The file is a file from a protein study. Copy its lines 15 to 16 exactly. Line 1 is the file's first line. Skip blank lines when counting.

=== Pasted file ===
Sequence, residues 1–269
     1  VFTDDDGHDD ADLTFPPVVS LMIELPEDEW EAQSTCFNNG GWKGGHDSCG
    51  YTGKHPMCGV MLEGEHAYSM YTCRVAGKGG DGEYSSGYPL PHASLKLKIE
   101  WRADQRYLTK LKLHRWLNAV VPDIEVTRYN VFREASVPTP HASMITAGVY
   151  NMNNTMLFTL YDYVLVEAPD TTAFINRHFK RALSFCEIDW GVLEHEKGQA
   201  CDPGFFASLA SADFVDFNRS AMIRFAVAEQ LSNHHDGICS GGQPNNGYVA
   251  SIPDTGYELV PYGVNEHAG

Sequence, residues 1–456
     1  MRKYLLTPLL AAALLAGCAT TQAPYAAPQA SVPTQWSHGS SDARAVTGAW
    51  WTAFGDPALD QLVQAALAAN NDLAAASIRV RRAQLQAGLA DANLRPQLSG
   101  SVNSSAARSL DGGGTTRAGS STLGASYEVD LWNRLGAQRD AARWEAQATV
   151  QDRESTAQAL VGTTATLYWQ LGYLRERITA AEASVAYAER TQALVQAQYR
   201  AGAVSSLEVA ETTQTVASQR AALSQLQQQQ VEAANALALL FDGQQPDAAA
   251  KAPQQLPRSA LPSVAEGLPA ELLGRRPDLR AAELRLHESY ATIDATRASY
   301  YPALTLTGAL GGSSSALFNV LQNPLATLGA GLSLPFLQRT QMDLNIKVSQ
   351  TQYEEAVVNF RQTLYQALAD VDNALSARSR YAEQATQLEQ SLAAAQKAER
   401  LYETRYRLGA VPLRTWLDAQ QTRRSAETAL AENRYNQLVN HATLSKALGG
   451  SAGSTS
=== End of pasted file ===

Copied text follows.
   301  YPALTLTGAL GGSSSALFNV LQNPLATLGA GLSLPFLQRT QMDLNIKVSQ
   351  TQYEEAVVNF RQTLYQALAD VDNALSARSR YAEQATQLEQ SLAAAQKAER